Holesovice market is the largest in Prague and attracts 12 million visitors a year. Fruit and vegetable stalls are perhaps its biggest draw, though it also features some regular shops, and lots of Vietnamese stalls, selling everything from knuckledusters to fake designer clothing. Now its operators are working hard to modernize the market and clean up its image. They have even given it a new name: River Town Prague.
I spoke to some shoppers by Holesovice market's fruit and veg stalls.
Elderly woman: "I like coming here, because I can choose fresh goods. As for the quality, well I must say I don't go for the absolute cheapest stuff - for me it has to be fresh and nice. I've been coming here once a week for around six years."
Middle-aged man: "It's cheap here. It's cheap and it suits me. The prices are definitely a third less than you would find elsewhere. Some of the fruit and veg here isn't such high quality, it's a bit squashed. But when you choose carefully it's fine."
Holesovicka trznice (also called Prazska trznice - Prague market) is in Prague 7, not far from the Vltavska metro station. And it's huge - over 100,000 m 2. Its operators say over 12 million people a year come here to shop. Most of them are Czech, but some tourists also find their way to the market.
But it is not so long ago that this space served a rather different purpose, to say the least. Jan Charvat represents the company Delta Centre which operates Holesovice market.
"Originally the whole place was Prague's major slaughterhouse. For decades it was used for slaughtering cows, bulls, sheep...everything. In the '80s they stopped using the area as a slaughterhouse and it became a Prague market district, in a way that is still preserved to this day."
Is it fair to say that a lot of people travel long distances across Prague to come here for the cheap shopping?
"Yeah, of course. Cheap shopping, clothes, the fruit and vegetables market and a lot of discount sale."
Delta Centre say that in its current state Holesovice market does not meet the demands of the 21st century. When their plans are realised, this "trznice" will be hardly recognisable to those from Prague and elsewhere who have been coming here for cheap shopping for two decades.
But getting back to the present, alongside the food and veg - and regular shops such as Bata shoes and hardware outlets - there are many Vietnamese market stalls here. A small number are selling dangerous looking weapons: knuckledusters and flick-knives, as well as the more exotic oriental nunchucks (two sticks joined by a chain) and throwing stars. But many of these stalls are selling counterfeit goods, knock-off imitations of brands like Dolce & Gabbana and Puma. I put this issue to Jan Charvat.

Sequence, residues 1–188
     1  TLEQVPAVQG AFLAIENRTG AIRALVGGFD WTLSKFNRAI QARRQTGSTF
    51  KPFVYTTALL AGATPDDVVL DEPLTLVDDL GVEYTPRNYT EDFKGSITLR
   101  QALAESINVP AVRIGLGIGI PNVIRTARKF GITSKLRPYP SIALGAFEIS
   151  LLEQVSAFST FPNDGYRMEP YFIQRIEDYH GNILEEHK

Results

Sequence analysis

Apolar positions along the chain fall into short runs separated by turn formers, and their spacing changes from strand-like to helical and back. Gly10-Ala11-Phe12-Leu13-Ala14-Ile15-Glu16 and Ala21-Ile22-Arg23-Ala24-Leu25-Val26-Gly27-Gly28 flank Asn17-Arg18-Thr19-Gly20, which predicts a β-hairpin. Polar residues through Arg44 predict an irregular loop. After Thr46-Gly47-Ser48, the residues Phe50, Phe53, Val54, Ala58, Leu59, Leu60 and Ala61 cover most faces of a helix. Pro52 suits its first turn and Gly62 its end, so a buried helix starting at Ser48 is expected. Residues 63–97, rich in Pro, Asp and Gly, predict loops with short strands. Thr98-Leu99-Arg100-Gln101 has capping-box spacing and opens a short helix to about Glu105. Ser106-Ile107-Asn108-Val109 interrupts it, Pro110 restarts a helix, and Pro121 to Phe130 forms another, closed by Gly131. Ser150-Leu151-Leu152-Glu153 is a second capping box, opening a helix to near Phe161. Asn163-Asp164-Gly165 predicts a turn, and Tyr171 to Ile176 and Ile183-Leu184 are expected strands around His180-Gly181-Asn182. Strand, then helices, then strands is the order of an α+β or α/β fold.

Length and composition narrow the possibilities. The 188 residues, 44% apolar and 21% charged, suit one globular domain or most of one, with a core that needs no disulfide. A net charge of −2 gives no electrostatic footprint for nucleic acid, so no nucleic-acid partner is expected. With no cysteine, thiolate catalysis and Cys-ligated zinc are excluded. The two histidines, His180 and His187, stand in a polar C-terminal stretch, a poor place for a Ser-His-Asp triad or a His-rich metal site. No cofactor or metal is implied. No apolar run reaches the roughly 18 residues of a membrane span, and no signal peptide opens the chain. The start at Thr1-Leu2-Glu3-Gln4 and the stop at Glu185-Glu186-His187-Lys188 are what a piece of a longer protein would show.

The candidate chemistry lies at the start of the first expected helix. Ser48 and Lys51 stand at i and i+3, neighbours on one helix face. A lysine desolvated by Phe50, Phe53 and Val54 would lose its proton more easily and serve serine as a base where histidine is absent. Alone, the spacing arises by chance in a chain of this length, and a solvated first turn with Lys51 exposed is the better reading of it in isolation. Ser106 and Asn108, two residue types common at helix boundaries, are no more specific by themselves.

"I must say firstly that with the new operator the amount of seized counterfeit goods is nearly zero, which is proved by the recent searches done by the police and the Czech trade inspection...so we were one of the lowest in the country for selling counterfeit products.
But of course it's a problem and we are working hard to solve it. And one of the things is that the not really good looking Vietnamese stands and Asian stands, which don't even meet sanitary or fire protection standards...in a couple of months we will start to build a whole new part of River Town with an Asian market, with the unique atmosphere of the exotic East, on a high aesthetic level with pagodas, with really stylish buildings for both indoor and outdoor shopping."
Another aspect is that there's a brothel I believe on the premises of the market. Will that remain, or are you planning to make some changes in that respect as well?
"Of course we are not really happy about it, but I must say that Delta Centre inherited the contract from the company that was operating the market before. So we are working on it too."
So do you think for example in two or three years there will still be a brothel here?
"That's nothing I can really make a clear statement about, because our lawyers are working on the contract. Of course we are evaluating all the possibilities as to how to deal with it."
In the meantime operators Delta Centre are concentrating on other changes to the market. Jan Charvat continues.
"The whole area should be transformed into a living space that will be open both day and night. In the day of course the vegetable and fruit market will be operational, there will be stands with outdoor and indoor sale at a really higher level, with outlet shops, brand shops and other chain stores.
In the night...soon a big disco club will open, one of the largest in central Europe, with all year round cultural events, show events, fashion events. The goal is to preserve some of the less expensive product range, but also to attract the high-end customers, I would say."
The new name of Holesovice market is River Town Prague. Across the river in Karlin, which is an area that's really booming now, there's a place called River City Prague - it's an office complex I believe. Is there any connection between the two names?
"Yes, the river, obviously! The Vltava River. We are on the banks of the Vltava River, and 'town' symbolises the bright future, I would say, which is it will become kind of a living town, with entertainment, shopping opportunities."
Karel Gott to get funeral with state honours as singer’s death is mourned at home and abroad
Beijing ends agreement with Prague – but can spat harm Czech capital?
Czech pop music legend Karel Gott dies at the age of 80
Karel Gott’s Mona Lisa to be put up for auction
Czechs observe day of mourning for pop idol Karel Gott